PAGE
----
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A record number of Australians moved to another state or territory through the second year of the COVID-19 pandemic, with tens of thousands fleeing lockdowns and high infection rates in a demographic earthquake that could reverberate for years.
Almost 500,000 people moved interstate in 2021, a 20 per cent increase on the previous record set in 2002, with Victoria suffering its biggest net loss of residents to other parts of the country since the state was enduring 12 per cent unemployment during the early-1990s recession.
Sarah and Gideon van Zyl enjoying the Wallaman Falls near Townsville after moving to Queensland from Mildura.
Despite border restrictions, people moved en masse to Queensland and Western Australia while regional centres across the country also welcomed new residents from far-flung parts of the nation. NSW also suffered its biggest net loss of residents to other parts of the country in more than three decades.
Sarah van Zyl and her husband Gideon moved to the north Queensland city of Townsville from Mildura in Victoria’s north in a three-day road trip over the new year.
She said the main reason for the move was so her husband could take an entry course to study veterinary medicine. But having grown up in Mildura, van Zyl was also just keen for something new.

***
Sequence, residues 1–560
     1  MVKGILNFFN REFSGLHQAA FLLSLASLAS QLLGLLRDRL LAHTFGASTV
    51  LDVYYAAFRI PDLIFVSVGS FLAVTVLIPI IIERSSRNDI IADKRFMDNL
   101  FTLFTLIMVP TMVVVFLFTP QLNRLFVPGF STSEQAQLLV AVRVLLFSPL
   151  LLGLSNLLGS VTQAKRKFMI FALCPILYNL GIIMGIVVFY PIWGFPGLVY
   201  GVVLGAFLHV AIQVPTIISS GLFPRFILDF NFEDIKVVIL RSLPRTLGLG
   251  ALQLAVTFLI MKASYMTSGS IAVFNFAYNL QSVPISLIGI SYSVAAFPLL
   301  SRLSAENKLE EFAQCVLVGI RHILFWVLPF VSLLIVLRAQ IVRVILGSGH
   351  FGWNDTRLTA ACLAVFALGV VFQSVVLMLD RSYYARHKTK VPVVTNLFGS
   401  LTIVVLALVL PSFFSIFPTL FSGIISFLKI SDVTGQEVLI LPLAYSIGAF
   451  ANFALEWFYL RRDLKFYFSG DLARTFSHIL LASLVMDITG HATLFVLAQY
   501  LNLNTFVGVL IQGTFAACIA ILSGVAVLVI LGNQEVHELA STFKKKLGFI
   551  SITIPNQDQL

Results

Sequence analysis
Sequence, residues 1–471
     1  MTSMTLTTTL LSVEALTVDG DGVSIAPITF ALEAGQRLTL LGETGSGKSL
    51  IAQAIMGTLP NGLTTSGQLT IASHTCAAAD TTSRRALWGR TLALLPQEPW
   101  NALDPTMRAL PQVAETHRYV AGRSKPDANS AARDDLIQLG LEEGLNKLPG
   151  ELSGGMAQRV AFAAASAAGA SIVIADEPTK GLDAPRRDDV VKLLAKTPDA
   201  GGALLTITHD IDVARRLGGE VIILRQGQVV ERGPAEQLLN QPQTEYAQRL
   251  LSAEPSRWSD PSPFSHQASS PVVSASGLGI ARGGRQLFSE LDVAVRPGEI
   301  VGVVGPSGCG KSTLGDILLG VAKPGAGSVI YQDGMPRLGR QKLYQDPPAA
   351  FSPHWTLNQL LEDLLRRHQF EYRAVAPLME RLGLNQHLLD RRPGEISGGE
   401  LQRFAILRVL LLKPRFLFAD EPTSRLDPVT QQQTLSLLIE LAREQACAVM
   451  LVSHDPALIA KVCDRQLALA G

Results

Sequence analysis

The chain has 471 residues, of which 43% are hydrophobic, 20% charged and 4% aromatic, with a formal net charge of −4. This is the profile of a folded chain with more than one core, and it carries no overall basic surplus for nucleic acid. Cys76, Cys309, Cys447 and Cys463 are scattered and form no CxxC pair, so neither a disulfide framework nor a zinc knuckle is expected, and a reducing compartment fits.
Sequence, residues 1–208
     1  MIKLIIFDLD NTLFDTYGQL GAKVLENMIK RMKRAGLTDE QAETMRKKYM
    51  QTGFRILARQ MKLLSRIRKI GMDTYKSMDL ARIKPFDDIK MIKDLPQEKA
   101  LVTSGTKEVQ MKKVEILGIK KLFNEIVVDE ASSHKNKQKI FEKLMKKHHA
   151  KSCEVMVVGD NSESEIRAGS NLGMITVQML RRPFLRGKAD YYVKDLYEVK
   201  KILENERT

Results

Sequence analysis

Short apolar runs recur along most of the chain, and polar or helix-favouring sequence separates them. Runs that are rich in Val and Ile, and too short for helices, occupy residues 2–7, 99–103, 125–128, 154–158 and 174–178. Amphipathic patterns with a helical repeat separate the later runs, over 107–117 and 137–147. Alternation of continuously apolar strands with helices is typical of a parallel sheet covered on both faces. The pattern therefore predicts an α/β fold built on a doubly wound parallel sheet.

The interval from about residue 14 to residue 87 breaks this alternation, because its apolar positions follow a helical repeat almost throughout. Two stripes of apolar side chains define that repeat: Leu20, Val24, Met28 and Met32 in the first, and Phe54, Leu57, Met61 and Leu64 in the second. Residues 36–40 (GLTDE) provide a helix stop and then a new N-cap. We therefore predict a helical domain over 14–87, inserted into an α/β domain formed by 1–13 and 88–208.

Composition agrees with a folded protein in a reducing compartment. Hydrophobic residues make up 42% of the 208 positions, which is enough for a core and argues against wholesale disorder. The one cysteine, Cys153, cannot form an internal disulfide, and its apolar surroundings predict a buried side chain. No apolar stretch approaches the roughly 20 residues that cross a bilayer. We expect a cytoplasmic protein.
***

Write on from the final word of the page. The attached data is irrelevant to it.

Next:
“Being locked down so much [during the pandemic], that kind of spurred me to really want a change,” she said.
Data from the Australian Bureau of Statistics shows a surge in the number of people prepared to move interstate through the second half of 2021 as NSW, Victoria and the ACT emerged from their lockdowns.
Victoria’s overall population through the pandemic has fallen by almost 50,000 to less than 6.6 million. Interstate migration out of the state, on top of the closed international border, drove the drop.
Through the two years of COVID-19, Victoria lost a net 31,700 people to other parts of the country. In 2018 and 2019, it had gained 23,858 residents as people moved to the state, which was enjoying one of the strongest jobs markets in the country.
Through the final six months of 2021, Victoria lost 335 people a day to other parts of the country compared with 275 who moved in. More than 60,000 people left Victoria, the biggest outflow over a six-month history in records dating back to 1981.
Queensland was the go-to state for Victorians, with a net 23,299 moving north through 2020 and 2021. Three-quarters of those moved last year.
The sunshine state received a record net 80,056 interstate migrants through the two COVID years, almost double the number who moved there in 2018 and 2019. Through the final three months of 2021 it gained a record 191,147 residents from other parts of the country.
Many of those also came from NSW, 460 people a day left the state through the final six months of 2021 compared to 303 who moved in. More than 83,100 people left NSW, the biggest outflow over a six-month period in records dating back to 1981.
Western Australia had its largest inflow in a three-month period on record as more than 13,000 people crossed the Nullarbor in the final three months of 2021. South Australia, which lost a net 8535 people in 2018 and 2019 through interstate migration, gained more than 1100 residents during the COVID-19 years.
Australian National University demographer Dr Liz Allen said it appeared the pandemic, and its associated lockdowns, had contributed to the surge in people moving about the country.
This article first appeared on www.smh.com.au
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